March 2014, TruckingInfo.com - WebXclusive
Kinematic viscosity is what you might envision when thinking of viscosity – gravitational flow. But the new oils will meet viscosity standards measured at high temperatures/high shear conditions.
To meet the expected greenhouse gas/fuel efficiency standards that the federal government is in the process of developing, oil companies and engine makers have been busy developing a new standard for engine oils that will provide low viscosity to improve engine efficiency.
"This will be the most robust oil specification we've ever developed," said Greg Shank, executive staff engineer, coordinator fluids technology, for Volvo Powertrain during a technical session at the ATA's Technology and Maintenance Council this week.
The new API category, currently called PC-11, is being developed as the standard for a new generation of low-viscosity engine oils, which on-highway engine manufacturers will be using as part of their EPA 2017 GHG reduction strategies.
Oils have changed a lot over the past 25 years to keep up with emissions technology. For instance, when engine temperatures went up, oil engineers had to increase the thermal stability of the oil. When exhaust gas recirculation started putting more soot into the oil, the oils had to be able to resist becoming thicker because of the soot and resist acid buildup. With selective catalytic reduction and diesel particulate filters, the oil chemistry had to be altered to make sure it didn't plug the DPF or poison the SCR.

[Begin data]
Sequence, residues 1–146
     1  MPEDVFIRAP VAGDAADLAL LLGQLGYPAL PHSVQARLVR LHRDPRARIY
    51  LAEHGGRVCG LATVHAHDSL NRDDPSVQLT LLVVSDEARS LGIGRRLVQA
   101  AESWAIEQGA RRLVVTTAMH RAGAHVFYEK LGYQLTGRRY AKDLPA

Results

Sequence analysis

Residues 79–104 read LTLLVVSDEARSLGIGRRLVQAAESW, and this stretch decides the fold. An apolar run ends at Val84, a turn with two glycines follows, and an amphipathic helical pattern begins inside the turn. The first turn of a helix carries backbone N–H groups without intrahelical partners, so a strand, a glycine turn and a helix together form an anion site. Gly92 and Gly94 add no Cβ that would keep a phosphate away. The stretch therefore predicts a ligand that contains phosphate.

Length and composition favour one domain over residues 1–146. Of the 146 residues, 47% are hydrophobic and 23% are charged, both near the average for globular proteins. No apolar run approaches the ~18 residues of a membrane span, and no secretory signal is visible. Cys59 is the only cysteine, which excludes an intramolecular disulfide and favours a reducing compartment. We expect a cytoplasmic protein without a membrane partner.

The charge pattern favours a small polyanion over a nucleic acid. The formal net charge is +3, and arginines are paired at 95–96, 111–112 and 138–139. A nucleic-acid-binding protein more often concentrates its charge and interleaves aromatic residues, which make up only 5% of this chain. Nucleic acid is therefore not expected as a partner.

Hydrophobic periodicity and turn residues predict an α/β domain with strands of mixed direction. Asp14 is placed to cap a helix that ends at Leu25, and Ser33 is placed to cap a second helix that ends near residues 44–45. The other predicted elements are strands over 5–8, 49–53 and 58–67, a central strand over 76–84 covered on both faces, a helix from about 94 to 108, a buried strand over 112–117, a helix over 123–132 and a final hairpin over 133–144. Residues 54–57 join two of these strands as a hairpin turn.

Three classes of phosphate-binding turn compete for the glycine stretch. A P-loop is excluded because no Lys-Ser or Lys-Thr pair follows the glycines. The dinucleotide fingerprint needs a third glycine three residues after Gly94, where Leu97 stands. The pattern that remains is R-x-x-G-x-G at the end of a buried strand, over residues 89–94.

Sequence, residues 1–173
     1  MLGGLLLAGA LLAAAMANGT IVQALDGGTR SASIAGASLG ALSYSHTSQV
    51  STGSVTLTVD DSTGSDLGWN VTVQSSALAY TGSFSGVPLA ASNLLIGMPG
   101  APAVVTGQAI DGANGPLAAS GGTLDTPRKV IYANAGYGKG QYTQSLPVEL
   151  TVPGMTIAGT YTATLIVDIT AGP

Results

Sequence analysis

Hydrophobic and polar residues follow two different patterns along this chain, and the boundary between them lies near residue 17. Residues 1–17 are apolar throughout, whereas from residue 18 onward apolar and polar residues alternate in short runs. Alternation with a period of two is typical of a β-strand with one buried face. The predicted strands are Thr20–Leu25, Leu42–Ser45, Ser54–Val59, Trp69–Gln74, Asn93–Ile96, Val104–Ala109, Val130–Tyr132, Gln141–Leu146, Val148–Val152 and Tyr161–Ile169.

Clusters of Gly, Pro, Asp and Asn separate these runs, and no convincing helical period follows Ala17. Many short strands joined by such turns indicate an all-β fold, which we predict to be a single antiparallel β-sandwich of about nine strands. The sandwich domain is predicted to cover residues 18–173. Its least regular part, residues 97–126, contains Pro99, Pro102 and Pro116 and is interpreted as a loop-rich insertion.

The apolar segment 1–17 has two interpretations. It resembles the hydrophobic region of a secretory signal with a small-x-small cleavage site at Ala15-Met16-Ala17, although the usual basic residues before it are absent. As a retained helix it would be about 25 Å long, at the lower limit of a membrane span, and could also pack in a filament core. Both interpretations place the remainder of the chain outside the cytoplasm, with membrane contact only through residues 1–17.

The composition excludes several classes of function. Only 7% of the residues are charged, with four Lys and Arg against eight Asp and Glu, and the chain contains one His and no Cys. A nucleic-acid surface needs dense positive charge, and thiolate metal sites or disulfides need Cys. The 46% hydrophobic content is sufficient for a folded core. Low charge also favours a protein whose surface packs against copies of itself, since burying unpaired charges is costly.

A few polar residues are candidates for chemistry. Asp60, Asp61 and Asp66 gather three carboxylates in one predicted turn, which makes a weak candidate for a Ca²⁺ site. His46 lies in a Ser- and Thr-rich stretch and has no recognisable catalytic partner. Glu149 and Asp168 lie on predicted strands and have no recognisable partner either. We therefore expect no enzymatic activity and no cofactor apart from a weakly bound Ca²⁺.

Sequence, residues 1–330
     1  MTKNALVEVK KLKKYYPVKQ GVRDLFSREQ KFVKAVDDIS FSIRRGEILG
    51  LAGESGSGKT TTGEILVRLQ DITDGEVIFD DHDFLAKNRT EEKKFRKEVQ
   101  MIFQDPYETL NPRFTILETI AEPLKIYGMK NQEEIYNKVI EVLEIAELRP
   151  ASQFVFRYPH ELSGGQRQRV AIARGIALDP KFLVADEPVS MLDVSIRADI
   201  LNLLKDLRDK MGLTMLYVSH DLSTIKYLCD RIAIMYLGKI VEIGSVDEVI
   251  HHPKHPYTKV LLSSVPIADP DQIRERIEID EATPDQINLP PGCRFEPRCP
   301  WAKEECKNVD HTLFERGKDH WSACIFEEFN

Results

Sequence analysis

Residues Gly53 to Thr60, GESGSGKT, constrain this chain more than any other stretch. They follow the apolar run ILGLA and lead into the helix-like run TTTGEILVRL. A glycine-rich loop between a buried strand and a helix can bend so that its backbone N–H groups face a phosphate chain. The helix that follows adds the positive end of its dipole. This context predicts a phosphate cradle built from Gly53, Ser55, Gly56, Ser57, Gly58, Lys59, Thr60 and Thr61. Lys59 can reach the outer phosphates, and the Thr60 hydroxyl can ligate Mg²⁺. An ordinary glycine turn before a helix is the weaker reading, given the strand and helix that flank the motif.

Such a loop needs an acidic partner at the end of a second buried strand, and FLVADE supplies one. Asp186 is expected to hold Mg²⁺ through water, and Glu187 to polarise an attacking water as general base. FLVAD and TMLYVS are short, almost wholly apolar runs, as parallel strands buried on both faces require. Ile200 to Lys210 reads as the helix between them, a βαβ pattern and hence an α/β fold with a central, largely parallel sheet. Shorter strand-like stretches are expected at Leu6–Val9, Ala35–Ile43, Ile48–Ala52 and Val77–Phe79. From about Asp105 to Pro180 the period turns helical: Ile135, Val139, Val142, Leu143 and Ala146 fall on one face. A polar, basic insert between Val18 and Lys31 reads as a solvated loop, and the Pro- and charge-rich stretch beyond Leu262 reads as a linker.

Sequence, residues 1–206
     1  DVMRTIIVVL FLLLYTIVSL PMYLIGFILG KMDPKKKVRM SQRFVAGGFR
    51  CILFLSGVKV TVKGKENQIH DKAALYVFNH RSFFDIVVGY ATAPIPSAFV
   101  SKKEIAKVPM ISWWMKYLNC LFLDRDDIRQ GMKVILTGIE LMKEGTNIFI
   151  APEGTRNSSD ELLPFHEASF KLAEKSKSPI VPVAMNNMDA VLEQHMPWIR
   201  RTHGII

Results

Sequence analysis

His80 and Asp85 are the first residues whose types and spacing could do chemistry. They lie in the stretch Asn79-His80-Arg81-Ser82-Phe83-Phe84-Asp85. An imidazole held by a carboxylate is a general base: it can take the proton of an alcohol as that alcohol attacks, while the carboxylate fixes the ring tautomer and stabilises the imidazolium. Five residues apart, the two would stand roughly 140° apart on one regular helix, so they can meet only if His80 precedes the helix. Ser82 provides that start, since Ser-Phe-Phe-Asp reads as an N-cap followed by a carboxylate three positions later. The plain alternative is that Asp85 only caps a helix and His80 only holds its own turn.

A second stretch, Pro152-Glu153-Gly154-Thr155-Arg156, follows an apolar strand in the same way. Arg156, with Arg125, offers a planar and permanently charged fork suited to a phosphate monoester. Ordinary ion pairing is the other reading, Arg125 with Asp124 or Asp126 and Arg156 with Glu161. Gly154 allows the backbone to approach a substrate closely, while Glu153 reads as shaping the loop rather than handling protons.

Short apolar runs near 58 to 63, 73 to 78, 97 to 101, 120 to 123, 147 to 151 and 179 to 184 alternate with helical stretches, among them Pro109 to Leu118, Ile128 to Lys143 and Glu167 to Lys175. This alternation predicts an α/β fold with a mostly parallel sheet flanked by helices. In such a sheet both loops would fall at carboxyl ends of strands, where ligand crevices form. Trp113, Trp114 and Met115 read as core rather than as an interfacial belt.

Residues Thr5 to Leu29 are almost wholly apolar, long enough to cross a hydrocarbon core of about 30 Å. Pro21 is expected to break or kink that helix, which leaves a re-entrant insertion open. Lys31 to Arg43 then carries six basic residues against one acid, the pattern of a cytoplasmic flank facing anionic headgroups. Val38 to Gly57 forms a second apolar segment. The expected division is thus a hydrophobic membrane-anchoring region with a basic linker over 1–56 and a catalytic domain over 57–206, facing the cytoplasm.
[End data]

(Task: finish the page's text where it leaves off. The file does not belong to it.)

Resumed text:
It's been a decade since the last time we had a new oil classification, and this time, the engineers are having to nearly start from scratch.
All about viscosity
John Loop, technology manager, engine oils, for Lubrizol, explained that viscosity is how things flow – "the degree to which a fluid resists flow under an applied force," or "the power of resisting a change in the arrangement of the molecules." A solid would have infinite viscosity, he said, A gas, very little.
For the new oil category, it's not just a matter of using a lower-viscosity oil, but one that will maintain its viscosity under high-temp/high-shear conditions.
Kinematic viscosity is what you might envision when thinking of viscosity – gravitational flow. Think of a row of beakers with different oils tipped so they flow into a container. Lower-viscosity oils would flow faster than higher-viscosity oils. Obviously you don't want one that runs like water, but neither do you want one that falls out in one big gelatinous glob.
When you're measuring high-temp/high-shear viscosity, or HTHS, Loop explained, it is measuring the viscosity of the oil as it would be in the engine, where it's being flung around at high temperatures and the molecules in the oil are stressed – deformed, stretched, even sheared.
The HTHS limits are measured in cP, with lower numbers meaning lower viscosity. The new category is expected to limit that range from 2.9 to 3.2 for the GHG version, while the non-GHG version will be at 3.5.
The new oil category
In order to be ready to meet the 2017 model year requirements, the new API category is scheduled to be in place by early 2016. Originally it was planned for January 2016, but that has been pushed back a quarter to the first of April 2016.
Engine makers are currently developing new tests to measure how well the new oils will perform.
Jeremy Dean, supervisor, chemical technology and cleanliness laboratories for Daimler, noted some of the possible concerns about lower-viscosity oils that need to be addressed in the new category:
- Scuff and seizure resistance of reciprocating and rotating components such as the cylinder kit, crankshaft, valve train, gear train, oil pump and air compressor
- Equivalent wear rates
- Equivalent performance of engine seals (internal and external oil leaks)
The category will require oils to pass 20 engine and bench tests. Some are carryover tests from the previous category, but a number of them are brand-new.